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Tom Blomfield turns to angel investing, making fourth bet this year

Exclusive: The ex-Monzo CEO has started backing early-stage ventures, despite initial reticence

By Isabel Woodford

Tom Blomfield has kept his head down since officially leaving Monzo earlier this year, citing mental health reasons.

But the entrepreneur is ready to get hands-on again as an angel investor, he tells Sifted. He’s quietly backed four startups in the past few months.

His latest bet is in Pento, a SaaS startup focused on automating payroll in-house, which has just raised $15.6m.

Aside from Blomfield, Pento has attracted funding from General Catalyst Partners, LocalGlobe, Point Nine Capital, and a series of angels — including Blomfield’s old cofounder at GoCardless, Matt Robinson.

“It’s not so much that I know anything about [Pento’s] market fit. It’s more that I know what it’s like growing from 50 to 500 people. There are repeatable lessons in that scaling journey,” Blomfield told Sifted, explaining his motivation for investing in Pento.

The Monzo founder added that he also was excited about Pento’sgreat use of modern APIs,” which is already allowing it to partner with other payroll startups like WageStream.

Aside from Pento, Blomfield’s other ventures include a young startup called Cordless, founded by two (female) ex-Monzo employees who join the digital bank’s growing entrepreneurial ‘mafia’. Blomfield has also backed a yet-unnamed consumer subscription business, founded by serial entrepreneur Greg Marsh, which is currently in stealth.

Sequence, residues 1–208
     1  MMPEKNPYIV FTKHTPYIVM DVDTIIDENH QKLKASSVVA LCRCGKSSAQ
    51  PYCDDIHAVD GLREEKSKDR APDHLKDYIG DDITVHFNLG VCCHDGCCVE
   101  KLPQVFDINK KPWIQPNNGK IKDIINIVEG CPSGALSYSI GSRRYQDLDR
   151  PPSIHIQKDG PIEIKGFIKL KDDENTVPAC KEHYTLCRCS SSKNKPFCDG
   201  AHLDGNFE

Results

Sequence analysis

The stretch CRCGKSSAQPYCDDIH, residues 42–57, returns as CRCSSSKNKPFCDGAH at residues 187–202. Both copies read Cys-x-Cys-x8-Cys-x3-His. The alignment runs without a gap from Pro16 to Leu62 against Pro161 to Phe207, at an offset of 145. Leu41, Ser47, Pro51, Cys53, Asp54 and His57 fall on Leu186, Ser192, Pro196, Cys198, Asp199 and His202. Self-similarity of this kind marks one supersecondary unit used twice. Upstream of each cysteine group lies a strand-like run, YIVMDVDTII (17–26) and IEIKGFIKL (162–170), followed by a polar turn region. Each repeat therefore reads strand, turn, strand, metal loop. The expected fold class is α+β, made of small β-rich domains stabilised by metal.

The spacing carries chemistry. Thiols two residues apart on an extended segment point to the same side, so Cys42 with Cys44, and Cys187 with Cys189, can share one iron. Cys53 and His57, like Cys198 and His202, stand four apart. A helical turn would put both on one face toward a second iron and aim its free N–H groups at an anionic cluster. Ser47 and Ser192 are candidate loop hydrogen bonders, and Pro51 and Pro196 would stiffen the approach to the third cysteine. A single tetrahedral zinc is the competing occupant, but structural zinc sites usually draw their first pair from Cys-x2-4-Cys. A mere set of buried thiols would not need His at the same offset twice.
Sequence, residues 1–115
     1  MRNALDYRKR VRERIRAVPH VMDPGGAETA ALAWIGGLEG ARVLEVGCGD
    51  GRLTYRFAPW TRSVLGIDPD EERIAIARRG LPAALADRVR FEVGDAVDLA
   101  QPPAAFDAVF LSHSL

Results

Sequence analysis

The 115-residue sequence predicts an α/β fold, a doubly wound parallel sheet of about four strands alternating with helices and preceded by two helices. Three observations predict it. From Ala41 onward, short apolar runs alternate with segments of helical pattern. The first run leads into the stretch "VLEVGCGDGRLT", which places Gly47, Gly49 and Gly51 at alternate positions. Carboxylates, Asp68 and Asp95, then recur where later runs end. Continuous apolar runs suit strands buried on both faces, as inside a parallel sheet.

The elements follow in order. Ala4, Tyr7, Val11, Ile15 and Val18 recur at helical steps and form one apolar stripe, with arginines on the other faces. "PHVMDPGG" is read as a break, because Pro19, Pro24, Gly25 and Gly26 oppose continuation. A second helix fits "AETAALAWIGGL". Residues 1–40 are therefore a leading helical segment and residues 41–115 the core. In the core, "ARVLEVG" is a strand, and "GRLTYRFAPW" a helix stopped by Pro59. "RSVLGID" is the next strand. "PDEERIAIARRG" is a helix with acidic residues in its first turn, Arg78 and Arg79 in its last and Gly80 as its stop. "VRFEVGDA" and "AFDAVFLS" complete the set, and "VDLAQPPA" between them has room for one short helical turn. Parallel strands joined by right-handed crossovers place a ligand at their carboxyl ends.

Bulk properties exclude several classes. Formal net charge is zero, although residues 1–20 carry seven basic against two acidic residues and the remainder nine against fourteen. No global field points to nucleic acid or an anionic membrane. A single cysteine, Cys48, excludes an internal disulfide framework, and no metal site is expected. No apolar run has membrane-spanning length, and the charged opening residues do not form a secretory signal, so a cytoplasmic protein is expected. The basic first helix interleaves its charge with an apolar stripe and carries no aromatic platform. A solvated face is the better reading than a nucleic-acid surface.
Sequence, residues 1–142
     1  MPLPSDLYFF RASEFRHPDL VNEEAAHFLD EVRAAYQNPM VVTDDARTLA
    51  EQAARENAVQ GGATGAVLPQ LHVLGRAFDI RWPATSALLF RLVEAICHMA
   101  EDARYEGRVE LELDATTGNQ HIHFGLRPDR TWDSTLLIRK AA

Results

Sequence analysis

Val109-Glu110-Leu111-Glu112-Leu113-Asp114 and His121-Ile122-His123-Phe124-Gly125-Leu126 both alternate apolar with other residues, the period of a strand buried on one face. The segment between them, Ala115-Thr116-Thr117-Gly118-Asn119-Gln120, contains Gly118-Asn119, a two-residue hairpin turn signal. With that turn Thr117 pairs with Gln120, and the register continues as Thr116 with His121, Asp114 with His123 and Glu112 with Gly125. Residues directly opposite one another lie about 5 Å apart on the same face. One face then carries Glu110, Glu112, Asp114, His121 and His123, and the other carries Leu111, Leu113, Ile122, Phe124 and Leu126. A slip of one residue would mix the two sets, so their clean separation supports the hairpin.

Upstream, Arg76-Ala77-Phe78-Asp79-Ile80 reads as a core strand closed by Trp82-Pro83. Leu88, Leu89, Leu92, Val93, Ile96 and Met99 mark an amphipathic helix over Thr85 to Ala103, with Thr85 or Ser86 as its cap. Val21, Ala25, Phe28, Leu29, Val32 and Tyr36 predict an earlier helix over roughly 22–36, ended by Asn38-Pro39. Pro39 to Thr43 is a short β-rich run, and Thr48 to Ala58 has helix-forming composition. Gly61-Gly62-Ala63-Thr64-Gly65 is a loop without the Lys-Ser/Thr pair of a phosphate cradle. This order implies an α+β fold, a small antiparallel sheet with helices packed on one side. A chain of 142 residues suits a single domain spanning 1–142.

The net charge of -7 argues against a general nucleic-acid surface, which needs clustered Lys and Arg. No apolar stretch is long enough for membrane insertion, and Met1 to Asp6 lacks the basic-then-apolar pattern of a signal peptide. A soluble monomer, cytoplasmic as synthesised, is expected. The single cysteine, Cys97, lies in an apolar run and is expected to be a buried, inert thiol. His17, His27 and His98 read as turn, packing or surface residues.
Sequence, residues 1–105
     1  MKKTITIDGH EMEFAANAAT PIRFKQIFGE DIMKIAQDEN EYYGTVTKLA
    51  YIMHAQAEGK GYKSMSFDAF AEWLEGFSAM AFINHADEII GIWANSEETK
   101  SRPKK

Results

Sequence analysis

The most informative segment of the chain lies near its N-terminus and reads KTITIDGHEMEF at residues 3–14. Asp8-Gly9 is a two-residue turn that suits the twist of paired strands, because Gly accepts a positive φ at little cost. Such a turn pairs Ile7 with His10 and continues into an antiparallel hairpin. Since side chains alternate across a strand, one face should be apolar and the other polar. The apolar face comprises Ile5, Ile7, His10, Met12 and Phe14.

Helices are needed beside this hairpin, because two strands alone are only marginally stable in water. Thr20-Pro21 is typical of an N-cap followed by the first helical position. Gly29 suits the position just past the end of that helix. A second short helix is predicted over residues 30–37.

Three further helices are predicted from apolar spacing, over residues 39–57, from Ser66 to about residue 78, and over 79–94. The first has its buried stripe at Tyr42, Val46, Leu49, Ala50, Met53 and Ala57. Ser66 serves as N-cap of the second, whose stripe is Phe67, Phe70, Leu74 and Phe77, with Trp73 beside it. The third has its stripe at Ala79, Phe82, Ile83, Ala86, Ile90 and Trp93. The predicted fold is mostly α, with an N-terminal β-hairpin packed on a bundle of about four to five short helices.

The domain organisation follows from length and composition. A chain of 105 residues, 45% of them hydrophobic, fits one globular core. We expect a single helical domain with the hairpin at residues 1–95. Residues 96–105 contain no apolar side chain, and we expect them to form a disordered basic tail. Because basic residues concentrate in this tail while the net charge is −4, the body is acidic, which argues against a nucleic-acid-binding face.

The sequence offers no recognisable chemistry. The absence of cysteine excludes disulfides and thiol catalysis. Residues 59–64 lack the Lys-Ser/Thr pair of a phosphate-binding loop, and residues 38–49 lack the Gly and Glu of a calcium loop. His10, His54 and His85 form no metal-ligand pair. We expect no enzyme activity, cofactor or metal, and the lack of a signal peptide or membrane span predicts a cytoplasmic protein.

Blomfield is the latest to join Europe’s group of founders-turned-angels, most notably TransferWise’s Taavet Hinrikus.

Dipping a toe in the venture waters

Blomfield’s experiment with angel investing is something of a volte-face.

In October last year, he told Sifted that he wasn’t sure he had the knack for it.

“I find the idea of angel investing quite daunting — I’m not sure I’d be very good!,” he said at the time.

Yet since stepping away from Monzo, Blomfield says he has spent time thinking about what he wants to do next. That included briefly flirting with the idea of becoming a VC himself, hoping to support promising founders.

“I thought about becoming a VC but I realised I wouldn’t be a very good one,” he laughs.

Reluctant to get sucked into VC politics, but still keen on backing entrepreneurs, Blomfield has instead opted to invest his own money (the founder has an estimated net worth of up to £140m, albeit largely still locked up in Monzo shares).

“I’m [still] not sure if I’m any good at investing, but I really like working with early stage companies.”

“I’m [still] not sure if I’m any good at investing, but I really like working with early stage companies,” he said.

Notably, Blomfield has opted for some handholding by mainly co-investing alongside familiar venture firms like General Catalyst and Passion Capital.

This year, Blomfield expects to “end up making 7 to 8” investments across sectors, showing no particular attachment to fintech.

It helps, moreover, that investing seems to have the founder’s undivided attention. Blomfield told Sifted he was doing “absolutely nothing” else on the professional front, and was enjoying a career break (including volunteering as part of the Covid vaccination effort).

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